After World War I all was changed. In 1921 the Regents established the Office of Student Affairs, which became the "catch-all' for nonacademic or extracurricular activities. This marked, so it would seem, the dichotomy between faculty and administration. The president, the Regents, and the faculty began to take a less active role, and authority gradually came to rest in committees, administrators, and students. What had formerly been the responsibility of all members of the faculty, in time became the concern of the few who served on the University Committee on Discipline, which was established by the University Senate in 1922 and adopted by the Regents in the same year, to complement Page  1830the Committee on Student Affairs (amended May 24, 1923; March 27, and May 29, 1934). From the viewpoint of structure the result appeared to be two disciplinary authorities instead of one. Where the faculties alone had held the authority, a University Committee was created which could exercise control over all cases involving students from more than one school or college of the University. This reflected the 1912 legislation of the Regents. The committee could also act in other cases referred to it. The faculties retained complete jurisdiction in cases of discipline which involved only their own students, and the Senate suggested that any faculty as a general policy might refer all cases of discipline of its own students at the discretion of the dean, to the University Committee on Discipline. There is no record, however, that this was ever formally voted upon.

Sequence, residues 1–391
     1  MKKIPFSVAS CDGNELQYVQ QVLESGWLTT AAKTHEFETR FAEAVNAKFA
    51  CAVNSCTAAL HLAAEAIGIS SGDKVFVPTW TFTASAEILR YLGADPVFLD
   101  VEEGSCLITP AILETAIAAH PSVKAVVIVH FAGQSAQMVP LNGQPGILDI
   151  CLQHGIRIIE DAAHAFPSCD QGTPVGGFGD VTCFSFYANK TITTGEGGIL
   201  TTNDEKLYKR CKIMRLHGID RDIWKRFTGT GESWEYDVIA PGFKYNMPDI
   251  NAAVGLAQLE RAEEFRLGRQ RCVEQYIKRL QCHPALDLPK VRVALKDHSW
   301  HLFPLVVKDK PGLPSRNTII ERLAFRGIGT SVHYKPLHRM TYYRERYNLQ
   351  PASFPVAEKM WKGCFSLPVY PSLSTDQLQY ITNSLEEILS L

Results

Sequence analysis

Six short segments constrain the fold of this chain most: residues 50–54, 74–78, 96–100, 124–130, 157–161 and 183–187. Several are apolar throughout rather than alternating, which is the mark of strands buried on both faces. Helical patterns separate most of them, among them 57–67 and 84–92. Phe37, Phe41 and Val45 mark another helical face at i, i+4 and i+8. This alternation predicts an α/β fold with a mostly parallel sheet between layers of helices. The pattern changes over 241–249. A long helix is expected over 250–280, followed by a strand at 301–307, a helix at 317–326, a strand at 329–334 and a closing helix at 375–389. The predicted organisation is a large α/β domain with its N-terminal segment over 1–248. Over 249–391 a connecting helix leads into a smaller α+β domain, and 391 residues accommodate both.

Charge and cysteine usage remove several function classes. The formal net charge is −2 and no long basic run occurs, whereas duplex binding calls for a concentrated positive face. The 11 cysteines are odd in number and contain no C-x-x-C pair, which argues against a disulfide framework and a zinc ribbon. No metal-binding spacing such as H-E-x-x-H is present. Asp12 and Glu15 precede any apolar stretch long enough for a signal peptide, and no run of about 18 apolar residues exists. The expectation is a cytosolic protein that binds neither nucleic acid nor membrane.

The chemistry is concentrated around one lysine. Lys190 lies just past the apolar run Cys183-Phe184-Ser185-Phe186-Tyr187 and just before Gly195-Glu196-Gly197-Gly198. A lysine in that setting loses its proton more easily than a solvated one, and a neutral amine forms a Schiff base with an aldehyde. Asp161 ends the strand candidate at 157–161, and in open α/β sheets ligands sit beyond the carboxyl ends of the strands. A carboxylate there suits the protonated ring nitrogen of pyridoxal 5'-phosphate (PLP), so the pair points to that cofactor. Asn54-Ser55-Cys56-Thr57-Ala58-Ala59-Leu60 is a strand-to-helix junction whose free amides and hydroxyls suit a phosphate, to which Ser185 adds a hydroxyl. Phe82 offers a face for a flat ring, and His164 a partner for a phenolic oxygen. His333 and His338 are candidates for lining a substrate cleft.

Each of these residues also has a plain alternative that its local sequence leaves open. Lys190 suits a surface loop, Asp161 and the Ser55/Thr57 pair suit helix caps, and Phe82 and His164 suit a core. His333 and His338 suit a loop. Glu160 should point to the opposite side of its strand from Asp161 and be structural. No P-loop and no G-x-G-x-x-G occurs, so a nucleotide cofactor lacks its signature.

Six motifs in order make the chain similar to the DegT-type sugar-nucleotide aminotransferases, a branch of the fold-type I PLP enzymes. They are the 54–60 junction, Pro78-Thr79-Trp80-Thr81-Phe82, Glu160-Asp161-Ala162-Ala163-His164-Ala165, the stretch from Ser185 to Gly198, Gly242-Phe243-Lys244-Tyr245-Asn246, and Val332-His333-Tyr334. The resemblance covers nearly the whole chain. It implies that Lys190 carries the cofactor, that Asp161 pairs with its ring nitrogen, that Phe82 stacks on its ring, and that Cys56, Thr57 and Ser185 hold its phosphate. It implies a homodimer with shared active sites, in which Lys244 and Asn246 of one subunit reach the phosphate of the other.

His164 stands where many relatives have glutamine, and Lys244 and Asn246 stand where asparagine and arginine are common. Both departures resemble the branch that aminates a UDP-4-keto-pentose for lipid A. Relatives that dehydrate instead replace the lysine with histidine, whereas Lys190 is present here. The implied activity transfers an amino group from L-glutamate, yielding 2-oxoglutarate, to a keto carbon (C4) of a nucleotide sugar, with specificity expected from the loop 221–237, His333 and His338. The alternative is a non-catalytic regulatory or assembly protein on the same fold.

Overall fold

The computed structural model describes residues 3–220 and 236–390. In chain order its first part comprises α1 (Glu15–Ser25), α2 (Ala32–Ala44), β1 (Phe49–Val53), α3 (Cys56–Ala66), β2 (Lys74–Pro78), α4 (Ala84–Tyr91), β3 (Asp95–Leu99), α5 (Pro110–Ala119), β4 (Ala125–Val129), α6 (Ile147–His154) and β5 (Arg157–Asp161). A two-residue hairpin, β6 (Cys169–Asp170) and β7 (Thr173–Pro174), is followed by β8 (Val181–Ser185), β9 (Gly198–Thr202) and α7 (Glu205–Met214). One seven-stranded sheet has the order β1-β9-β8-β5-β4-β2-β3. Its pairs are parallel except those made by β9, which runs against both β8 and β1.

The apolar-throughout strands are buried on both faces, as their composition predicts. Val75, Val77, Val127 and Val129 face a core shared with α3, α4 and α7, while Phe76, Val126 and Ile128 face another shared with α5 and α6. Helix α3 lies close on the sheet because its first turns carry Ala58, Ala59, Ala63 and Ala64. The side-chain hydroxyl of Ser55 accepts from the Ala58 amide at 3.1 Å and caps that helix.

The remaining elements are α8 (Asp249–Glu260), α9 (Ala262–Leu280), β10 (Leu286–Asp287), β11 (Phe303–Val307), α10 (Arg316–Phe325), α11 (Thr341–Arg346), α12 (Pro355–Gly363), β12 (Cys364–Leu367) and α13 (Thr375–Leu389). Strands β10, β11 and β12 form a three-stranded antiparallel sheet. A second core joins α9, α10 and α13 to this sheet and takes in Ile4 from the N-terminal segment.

In the same year, 1922, Dean Cabot of the Medical School called attention to the student nurses who were not at that time under the supervision of the Dean of Women, whereupon the Deans' Conference ("Minutes," June 6, 1923) voted that "women in the Nurses' Training Schools and Dental Hygienists be considered subject to the same disciplinary regulations as women students in all other parts of the University."